Definition 3 Absolute Distance (AD) & Definition 4 Kullback-Leibler Divergence (KLD): We divide the domain of distributions P and Q into several attendance intervals and name these intervals 1, 2, …, nn. Then the probability of a student from distribution P or Q\text{P\ }\text{or}\text{\ Q} falling in a given interval is p1,p2,,pnorq1,q2,,qnp_{1},p_{2},\ldots,p_{n}\ \text{or}\ q_{1},q_{2},\ldots,q_{n}. We calculate the absolute distance (AD) and KLD as follows.

AD(P,Q)=j=1n|pjqj|\text{AD}\left( P,Q \right) = \sum_{j = 1}^{n}{|p_{j} - q_{j}|}

KLD(P,Q)=j=1npjlog(pjqj)\text{KLD}\left( P,\ Q \right) = \sum_{j = 1}^{n}{p_{j}log(\frac{p_{j}}{q_{j}})}

Both AD and KLD consider the inner structures of the distributions [35]. However, KLD is more sensitive when detecting inner structure differences than absolute distance.

The difference between AD and KLD can be illustrated by an example as follows. Let A,B1,B2A,\ B1,\ B2 be three student populations. Divide the domain evenly into 4 intervals based on the attendance rates of the students: last 25% quantile, 25% - 50%, 50% - 75%, top 25% quantile. Probability of the three populations fall into the above-mentioned intervals are listed below. For example, 0.25 represent 25% of the population.

A: [0.25, 0.25, 0.25, 0.25]

B1: [0.30, 0.30, 0.30, 0.10]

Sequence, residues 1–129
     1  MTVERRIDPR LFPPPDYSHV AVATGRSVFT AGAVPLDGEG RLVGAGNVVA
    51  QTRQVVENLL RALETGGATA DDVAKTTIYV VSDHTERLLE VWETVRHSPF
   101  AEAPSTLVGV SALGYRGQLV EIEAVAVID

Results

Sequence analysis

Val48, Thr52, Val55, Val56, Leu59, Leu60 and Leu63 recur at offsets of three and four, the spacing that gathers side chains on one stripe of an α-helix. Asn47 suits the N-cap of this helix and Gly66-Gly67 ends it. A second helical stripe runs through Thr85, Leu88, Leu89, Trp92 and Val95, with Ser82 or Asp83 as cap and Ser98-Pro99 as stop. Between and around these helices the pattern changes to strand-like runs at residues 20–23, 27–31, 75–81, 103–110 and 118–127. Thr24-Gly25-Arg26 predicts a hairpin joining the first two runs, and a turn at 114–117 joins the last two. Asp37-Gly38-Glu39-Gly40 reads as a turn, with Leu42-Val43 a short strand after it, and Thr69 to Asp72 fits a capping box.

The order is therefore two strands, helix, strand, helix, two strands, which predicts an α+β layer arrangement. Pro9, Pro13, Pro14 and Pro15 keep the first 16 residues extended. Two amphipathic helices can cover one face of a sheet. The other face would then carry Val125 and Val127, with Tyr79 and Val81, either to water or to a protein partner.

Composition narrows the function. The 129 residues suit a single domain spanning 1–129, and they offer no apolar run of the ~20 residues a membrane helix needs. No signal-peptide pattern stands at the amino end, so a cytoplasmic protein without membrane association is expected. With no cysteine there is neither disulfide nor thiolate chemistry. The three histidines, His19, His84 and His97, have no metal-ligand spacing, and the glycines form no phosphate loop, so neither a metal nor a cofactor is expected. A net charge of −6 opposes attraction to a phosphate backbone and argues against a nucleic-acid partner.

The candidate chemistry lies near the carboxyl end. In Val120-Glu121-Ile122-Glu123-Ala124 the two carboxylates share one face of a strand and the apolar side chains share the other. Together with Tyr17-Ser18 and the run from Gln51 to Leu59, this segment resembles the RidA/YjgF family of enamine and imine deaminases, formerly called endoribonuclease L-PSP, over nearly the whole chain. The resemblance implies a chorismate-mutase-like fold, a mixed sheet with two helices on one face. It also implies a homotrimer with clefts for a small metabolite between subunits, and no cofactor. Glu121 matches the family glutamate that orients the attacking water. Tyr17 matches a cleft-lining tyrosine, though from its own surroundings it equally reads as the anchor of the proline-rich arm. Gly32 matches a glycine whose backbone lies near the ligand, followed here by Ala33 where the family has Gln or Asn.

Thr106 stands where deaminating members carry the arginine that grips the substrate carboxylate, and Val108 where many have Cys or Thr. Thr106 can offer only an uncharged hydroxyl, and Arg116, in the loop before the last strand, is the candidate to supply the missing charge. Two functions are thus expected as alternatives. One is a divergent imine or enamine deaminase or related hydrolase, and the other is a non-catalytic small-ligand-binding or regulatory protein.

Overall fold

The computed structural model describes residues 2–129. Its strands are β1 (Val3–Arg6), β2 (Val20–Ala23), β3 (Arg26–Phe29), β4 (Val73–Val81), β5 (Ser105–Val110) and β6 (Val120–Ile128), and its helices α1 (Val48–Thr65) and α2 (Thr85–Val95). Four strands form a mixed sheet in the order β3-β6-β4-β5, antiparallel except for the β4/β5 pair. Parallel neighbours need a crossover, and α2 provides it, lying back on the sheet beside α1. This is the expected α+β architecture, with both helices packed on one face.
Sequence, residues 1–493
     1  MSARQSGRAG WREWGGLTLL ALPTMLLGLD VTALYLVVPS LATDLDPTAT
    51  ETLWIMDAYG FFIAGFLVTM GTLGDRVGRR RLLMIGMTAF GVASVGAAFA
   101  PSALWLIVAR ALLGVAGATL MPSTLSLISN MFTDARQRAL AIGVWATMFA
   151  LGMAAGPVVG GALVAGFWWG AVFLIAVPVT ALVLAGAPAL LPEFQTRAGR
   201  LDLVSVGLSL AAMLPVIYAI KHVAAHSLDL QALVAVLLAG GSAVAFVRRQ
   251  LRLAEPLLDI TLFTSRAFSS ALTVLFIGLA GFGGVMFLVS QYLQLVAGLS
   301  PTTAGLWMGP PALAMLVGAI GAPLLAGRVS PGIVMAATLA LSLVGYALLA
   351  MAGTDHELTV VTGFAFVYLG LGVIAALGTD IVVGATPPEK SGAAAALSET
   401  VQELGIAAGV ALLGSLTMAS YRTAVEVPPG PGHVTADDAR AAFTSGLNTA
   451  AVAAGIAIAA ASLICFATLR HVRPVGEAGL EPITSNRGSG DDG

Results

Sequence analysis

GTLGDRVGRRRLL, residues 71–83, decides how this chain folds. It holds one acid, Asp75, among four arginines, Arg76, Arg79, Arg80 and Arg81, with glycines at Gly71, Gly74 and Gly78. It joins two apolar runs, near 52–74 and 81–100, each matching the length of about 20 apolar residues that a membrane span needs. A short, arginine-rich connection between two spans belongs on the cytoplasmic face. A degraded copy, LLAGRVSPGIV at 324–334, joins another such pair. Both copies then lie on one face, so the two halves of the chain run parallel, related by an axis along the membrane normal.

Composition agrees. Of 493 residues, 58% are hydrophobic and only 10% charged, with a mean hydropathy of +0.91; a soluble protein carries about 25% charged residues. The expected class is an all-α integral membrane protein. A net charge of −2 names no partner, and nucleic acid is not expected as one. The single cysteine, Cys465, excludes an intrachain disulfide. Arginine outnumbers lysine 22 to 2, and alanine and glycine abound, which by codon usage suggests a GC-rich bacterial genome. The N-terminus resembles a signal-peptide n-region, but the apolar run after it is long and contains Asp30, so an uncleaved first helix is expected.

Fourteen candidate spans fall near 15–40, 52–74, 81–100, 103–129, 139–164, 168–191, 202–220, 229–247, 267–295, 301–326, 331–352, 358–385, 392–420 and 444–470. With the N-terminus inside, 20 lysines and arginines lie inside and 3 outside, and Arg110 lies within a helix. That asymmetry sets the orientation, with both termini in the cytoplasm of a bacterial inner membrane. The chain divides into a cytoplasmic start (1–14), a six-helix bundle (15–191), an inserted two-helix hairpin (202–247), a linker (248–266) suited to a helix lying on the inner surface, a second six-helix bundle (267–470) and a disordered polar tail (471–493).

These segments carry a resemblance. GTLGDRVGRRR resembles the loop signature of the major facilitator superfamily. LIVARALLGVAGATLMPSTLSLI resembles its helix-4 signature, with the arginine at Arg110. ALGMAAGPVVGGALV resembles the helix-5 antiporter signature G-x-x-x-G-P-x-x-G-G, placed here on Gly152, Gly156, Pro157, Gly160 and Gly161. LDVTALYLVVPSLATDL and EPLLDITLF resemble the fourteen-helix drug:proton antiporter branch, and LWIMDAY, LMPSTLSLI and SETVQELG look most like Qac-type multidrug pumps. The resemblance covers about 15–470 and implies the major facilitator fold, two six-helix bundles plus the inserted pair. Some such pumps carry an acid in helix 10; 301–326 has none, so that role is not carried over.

B2: [0.40, 0.25, 0.25, 0.10]

For A, the attendance rates of students are evenly distributed in the 4 intervals. B1 differs from A by moving 15% of the population from the top quarter to the other 3 intervals evenly. B2 differs from A by moving 15% of the population from the top quarter to the last quarter only. Therefore, A overall should be considered to have higher attendance than B1 and B1 higher than B2.

Calculate the dissimilarity between A and B1, A and B2 using AD and KLD respectively, we have

AD(A,B1)=AD(A,B2)=0.3\text{AD}\left( A,\ B1 \right) = AD\left( A,\ B2 \right) = 0.3

KLD(A,B1)=0.072,KLD(A,B2)=0.096\text{KLD}\left( A,\ B1 \right) = \ 0.072,\ KLD\left( A,\ B2 \right) = 0.096

KLD(A,B2)>KLD(A,B1)\text{KLD}\left( A,\ B2 \right) > KLD(A,B1)

In this example, AD cannot distinguish the difference between B1 and B2 in terms of the dissimilarity to A, while KLD correctly measures the dissimilarity order. It illustrates that KLD is more sensitive to inner structure differences than AD. MDF is not calculated in this example because we do not have the detailed distribution. In the result section, we will demonstrate the advantage of KLD over MDF and AD using random subsamples derived from real-life data.


Dissimilarity Measurement Selection

We make comparisons of dissimilarity measurements using large samples of random groups synthesized from our dataset. Though this experiment, we want to show that KLD can best illustrate the difference in attendance data between top students and other students.

Attendance data used is collected from students from Cohort 2018 in Fall 2018 and Spring 2019 semesters. We consider students’ overall attendance rates in the academic year 2018-19. We use their first year CGPA as the measurement of academic performance.

There are 120 students whose academic performance are in top 10%. Therefore, we set the top 120 students as top 10% group and randomly generate 10000 groups, each of 120 randomly selected students from the whole student population.